“I won’t hit you”


This evening, my 3 and-a-half year old son pretended to read. He used his finger to follow the shapes of words moving slowly from left to right. I watched him turn a framed poem by Khalil Gibran into a window wherein I could view his evolving and unfolding consciousness.

“Look Mama, Daddy wrote me a letter!” He smiled and began reading.

“Dear Taber, thank you for this day… ”

The beginning sounded like the prayers we say at meal time and I smiled. He continued to read and covered a few topics of perennial interest like fire trucks and fishing. “Isn’t this nice Mama? It’s a really nice letter.”

Then he said… “I won’t hit you.”3331467901_d17fd63ffd_b

Followed by, “That’s so nice. Thank you Daddy.”

His imaginary letter reading continued: “I want to be safe with you.”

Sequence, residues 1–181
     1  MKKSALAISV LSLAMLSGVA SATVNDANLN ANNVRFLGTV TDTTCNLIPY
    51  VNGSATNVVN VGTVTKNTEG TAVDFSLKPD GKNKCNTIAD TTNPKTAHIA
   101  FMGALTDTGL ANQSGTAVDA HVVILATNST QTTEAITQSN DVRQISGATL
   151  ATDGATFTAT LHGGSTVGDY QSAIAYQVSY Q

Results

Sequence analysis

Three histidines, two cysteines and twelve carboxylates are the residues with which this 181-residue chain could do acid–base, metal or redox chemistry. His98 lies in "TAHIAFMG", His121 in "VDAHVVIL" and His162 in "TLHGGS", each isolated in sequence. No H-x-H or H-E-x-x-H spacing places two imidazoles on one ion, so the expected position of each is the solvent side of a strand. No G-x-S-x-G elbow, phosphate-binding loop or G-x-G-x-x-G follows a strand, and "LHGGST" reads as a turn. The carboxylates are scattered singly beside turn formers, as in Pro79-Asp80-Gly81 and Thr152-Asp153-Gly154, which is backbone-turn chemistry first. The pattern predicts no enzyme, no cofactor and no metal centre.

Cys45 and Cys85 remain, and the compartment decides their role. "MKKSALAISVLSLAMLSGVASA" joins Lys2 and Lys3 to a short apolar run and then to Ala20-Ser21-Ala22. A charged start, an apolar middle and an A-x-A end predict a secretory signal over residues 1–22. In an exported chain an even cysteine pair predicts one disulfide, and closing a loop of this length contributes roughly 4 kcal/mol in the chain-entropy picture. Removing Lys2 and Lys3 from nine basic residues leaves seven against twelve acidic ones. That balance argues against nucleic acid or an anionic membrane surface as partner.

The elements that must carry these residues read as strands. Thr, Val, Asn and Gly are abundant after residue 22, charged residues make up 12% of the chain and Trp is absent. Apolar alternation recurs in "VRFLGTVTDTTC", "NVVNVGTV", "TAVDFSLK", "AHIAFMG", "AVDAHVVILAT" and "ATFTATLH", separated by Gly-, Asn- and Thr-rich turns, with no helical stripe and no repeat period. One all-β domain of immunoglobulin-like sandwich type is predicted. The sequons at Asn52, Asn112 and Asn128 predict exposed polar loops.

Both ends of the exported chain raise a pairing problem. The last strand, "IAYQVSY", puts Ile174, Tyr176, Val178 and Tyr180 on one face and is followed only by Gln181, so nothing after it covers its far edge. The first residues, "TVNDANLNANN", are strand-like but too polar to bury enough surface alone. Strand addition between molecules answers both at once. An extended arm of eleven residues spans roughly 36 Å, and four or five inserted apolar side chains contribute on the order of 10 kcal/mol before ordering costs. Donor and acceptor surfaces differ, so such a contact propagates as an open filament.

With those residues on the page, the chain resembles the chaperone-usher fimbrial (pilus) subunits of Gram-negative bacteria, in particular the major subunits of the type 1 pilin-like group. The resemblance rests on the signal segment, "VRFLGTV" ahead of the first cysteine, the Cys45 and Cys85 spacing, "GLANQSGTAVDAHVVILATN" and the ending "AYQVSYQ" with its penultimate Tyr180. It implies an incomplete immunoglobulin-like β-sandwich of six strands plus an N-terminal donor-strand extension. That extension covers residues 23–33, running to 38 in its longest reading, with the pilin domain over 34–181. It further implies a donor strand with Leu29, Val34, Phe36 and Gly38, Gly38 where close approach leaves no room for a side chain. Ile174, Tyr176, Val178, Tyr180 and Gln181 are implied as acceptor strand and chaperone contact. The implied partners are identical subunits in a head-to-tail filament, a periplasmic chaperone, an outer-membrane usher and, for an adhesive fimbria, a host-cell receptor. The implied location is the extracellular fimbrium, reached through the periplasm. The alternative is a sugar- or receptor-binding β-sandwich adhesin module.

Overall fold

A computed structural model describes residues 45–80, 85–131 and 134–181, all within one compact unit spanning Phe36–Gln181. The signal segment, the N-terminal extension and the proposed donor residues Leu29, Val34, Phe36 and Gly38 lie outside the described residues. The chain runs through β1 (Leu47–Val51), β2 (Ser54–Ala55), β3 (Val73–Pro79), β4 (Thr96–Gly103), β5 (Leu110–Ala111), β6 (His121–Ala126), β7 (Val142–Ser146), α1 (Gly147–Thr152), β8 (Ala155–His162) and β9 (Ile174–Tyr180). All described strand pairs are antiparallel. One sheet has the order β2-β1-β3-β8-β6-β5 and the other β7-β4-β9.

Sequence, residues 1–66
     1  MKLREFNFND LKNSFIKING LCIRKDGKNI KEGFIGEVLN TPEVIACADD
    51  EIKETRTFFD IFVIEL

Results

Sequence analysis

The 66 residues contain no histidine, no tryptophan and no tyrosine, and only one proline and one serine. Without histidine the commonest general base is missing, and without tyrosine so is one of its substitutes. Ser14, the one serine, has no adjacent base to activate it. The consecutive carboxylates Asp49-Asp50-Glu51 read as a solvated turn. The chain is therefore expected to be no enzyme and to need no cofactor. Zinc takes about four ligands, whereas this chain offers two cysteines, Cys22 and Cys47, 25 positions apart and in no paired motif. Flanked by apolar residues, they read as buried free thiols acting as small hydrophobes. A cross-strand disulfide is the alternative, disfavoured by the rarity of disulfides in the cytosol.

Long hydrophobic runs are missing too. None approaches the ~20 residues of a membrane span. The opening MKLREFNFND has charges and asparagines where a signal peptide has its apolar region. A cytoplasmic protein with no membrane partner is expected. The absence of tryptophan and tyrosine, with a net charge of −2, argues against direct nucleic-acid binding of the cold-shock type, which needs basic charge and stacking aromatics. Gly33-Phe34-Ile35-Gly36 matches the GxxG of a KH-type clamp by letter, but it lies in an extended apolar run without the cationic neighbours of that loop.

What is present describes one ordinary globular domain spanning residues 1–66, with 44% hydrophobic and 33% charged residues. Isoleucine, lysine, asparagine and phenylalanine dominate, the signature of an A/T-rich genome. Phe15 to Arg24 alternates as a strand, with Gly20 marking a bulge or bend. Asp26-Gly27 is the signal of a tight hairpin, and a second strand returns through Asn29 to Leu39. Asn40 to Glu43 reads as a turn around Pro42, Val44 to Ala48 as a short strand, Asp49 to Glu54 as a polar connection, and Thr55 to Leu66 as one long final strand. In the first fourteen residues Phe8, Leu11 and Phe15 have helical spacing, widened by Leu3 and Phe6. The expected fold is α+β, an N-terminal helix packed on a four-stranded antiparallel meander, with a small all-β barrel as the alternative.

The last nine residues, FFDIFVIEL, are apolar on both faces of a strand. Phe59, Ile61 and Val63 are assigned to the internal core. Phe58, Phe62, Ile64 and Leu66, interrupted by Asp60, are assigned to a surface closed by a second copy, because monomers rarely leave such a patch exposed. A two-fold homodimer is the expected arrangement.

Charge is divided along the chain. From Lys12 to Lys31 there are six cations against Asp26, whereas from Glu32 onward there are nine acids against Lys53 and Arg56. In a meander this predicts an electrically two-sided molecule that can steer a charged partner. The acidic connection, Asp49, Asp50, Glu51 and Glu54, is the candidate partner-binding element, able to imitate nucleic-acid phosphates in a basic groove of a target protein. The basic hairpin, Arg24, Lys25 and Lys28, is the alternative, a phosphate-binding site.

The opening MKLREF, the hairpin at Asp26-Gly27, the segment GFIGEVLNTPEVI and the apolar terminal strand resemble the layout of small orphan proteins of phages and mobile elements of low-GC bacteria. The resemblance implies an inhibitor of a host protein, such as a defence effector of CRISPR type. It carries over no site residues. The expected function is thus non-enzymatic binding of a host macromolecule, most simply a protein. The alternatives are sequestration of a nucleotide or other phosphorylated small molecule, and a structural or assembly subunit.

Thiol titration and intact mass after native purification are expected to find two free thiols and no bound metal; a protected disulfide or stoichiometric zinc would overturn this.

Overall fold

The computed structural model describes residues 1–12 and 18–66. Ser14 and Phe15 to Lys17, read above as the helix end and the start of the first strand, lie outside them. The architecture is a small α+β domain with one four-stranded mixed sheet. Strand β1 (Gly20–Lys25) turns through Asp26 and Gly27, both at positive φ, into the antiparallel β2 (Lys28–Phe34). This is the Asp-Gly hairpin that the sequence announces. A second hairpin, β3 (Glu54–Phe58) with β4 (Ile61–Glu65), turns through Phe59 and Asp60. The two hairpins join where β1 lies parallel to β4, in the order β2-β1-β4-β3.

“Ah, Daddy, that’s so nice!”

I looked at his face — he was beaming with joy. I’ve heard my husband Clark express these heartfelt pledges of parental protection to our son on a few occasions. “I won’t ever hit you Taber. You are safe with me.” Given the outbursts of harm that haunted Clark’s childhood, I know how much these words mean.

We can consciously and powerfully transform painful patterns passed down through generations. The ugliness of physical or emotional violence need not touch our children. Watching my son express genuine happiness as he reflected upon the the fact that our home is safe — that he is safe — inspires me deeply.

I’ve written about the need to end the corporal punishment of children and I commit myself to reading, researching, and examining the impact of trauma on the developing human brain. Currently, I’m 1/4 of the way through The Boy Who Was Raised As A Dog: What Traumatized Children Can Teach Us About Love, Loss, and Healing by Bruce D. Perry. I can’t recommend it more highly.

I hope to make a difference in the lives of abused and neglected children through writing, advocacy, and — later in life — through adoption and/or foster care. I want every child to feel joyful and safe. Please join me in this work.

“I won’t hit you.”

“Thank you Daddy.”



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